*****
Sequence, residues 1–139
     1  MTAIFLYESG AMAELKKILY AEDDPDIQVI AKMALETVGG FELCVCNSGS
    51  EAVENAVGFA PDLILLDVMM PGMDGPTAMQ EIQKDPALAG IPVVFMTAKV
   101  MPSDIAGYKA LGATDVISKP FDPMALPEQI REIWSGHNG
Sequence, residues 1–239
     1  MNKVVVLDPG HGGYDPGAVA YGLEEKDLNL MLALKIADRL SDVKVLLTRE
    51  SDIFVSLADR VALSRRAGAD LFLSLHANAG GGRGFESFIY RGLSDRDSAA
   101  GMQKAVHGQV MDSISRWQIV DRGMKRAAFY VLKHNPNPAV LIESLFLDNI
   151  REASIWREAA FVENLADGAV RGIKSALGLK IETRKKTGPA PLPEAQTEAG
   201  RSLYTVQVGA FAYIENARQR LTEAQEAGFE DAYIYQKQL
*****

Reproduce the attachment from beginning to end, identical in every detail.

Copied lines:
Sequence, residues 1–139
     1  MTAIFLYESG AMAELKKILY AEDDPDIQVI AKMALETVGG FELCVCNSGS
    51  EAVENAVGFA PDLILLDVMM PGMDGPTAMQ EIQKDPALAG IPVVFMTAKV
   101  MPSDIAGYKA LGATDVISKP FDPMALPEQI REIWSGHNG
Sequence, residues 1–239
     1  MNKVVVLDPG HGGYDPGAVA YGLEEKDLNL MLALKIADRL SDVKVLLTRE
    51  SDIFVSLADR VALSRRAGAD LFLSLHANAG GGRGFESFIY RGLSDRDSAA
   101  GMQKAVHGQV MDSISRWQIV DRGMKRAAFY VLKHNPNPAV LIESLFLDNI
   151  REASIWREAA FVENLADGAV RGIKSALGLK IETRKKTGPA PLPEAQTEAG
   201  RSLYTVQVGA FAYIENARQR LTEAQEAGFE DAYIYQKQL